The report concludes that increased political will and renewed commitment to the goals and objectives of the ICPD are urgently needed. The document lists such modalities to mobilize resources as advocacy for increased assistance from international financial institutions and regional development banks; increased involvement of the private sector; and cost-sharing and other forms of cost recovery. Other options include the sector-wide approach and the implementation of the 20/20 initiative, whereby donors commit themselves to allocating 20 per cent of their development assistance funds to improving basic social services and the goals of eradicating poverty, and the developing countries allocate 20 per cent of their development funds towards similar goals, which include population and social sector objectives.

    The Secretary-General's report on Programme implementation and progress of work in the field of population in 2001: Population Division, Department of Economic and Social Affairs (document E/CN.6/2002/5) covers the activities and lists publications of the Population Division dealing with the analysis of demographic variables at the world level; world population estimates and projections; population policy and socio-economic development, monitoring, coordination and dissemination of population information; and technical cooperation in population, as well as other activities of the Division.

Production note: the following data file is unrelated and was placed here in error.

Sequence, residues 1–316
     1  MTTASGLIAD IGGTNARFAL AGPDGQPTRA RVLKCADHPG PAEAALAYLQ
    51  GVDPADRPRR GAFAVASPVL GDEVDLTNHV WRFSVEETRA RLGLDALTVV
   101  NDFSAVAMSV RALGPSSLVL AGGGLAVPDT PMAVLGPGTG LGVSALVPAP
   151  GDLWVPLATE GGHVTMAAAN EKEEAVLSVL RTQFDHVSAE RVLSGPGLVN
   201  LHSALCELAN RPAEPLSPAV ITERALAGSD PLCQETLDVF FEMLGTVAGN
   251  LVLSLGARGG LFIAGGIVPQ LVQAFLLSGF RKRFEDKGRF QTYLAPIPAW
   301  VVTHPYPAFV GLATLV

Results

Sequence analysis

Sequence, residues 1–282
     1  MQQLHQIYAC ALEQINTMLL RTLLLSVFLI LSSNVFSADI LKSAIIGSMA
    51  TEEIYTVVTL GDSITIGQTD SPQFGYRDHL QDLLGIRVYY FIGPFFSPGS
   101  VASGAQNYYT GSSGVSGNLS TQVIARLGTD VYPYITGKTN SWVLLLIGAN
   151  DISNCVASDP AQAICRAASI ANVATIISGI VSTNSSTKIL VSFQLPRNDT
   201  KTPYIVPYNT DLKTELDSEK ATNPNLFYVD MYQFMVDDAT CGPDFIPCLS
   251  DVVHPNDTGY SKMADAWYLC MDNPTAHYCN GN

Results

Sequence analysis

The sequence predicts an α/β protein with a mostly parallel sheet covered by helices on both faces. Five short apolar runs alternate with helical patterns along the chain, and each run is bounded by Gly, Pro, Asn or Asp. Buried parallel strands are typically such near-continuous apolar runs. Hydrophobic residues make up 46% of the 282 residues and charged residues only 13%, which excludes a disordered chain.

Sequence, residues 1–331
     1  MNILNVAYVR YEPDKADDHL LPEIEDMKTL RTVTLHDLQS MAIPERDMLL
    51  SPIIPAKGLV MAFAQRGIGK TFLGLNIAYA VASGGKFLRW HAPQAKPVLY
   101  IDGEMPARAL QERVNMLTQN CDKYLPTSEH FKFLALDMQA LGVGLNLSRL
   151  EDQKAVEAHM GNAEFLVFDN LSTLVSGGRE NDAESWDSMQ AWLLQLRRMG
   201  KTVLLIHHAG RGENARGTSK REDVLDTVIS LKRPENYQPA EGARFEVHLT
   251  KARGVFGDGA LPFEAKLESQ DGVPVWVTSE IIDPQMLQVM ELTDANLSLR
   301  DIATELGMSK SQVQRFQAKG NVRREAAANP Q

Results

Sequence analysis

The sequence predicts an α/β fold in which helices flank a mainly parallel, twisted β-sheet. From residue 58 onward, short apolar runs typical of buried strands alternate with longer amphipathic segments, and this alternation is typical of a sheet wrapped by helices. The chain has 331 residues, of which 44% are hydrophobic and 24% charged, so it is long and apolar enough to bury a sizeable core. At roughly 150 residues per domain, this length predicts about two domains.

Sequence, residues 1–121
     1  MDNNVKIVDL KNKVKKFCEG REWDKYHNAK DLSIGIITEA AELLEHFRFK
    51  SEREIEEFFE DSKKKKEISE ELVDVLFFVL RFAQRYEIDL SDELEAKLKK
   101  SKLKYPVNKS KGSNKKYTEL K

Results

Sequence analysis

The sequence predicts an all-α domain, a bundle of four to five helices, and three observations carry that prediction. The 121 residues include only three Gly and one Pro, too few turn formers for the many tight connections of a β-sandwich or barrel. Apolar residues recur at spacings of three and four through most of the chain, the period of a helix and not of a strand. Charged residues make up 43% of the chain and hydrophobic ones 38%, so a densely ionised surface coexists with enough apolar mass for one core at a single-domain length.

The Population Commission was established in 1946 by the Economic and Social Council to study and advise the Council on population changes, including through migration, and their effect on economic and social conditions. Following the International Conference on Population and Development in 1994, the name of the 47-member body was changed to the Commission on Population and Development, and it was decided that it would meet annually beginning in 1996 to assess implementation of the Programme of Action adopted at the Cairo Conference.

    The Commission normally comprises 47 members, who are elected on the basis of equitable geographic distribution and serve a term of four years. In 2002, the members are: Algeria, Austria, Bangladesh, Belarus, Belgium, Brazil, Botswana, Burundi, Cameroon, Chile, China, Croatia, Egypt, France, Gambia, Germany, Ghana, Guinea, Haiti, Indonesia, Iran, Ireland, Italy, Jamaica, Japan, Kenya, Lithuania, Malaysia, Mexico, Netherlands, Nicaragua, Nigeria, Norway, Pakistan, Peru, Poland, Russian Federation, Turkey, Uganda, Yemen, United States and Zambia. Currently, there are three vacancies in the group of Asian States and two in the group of Latin American and Caribbean States.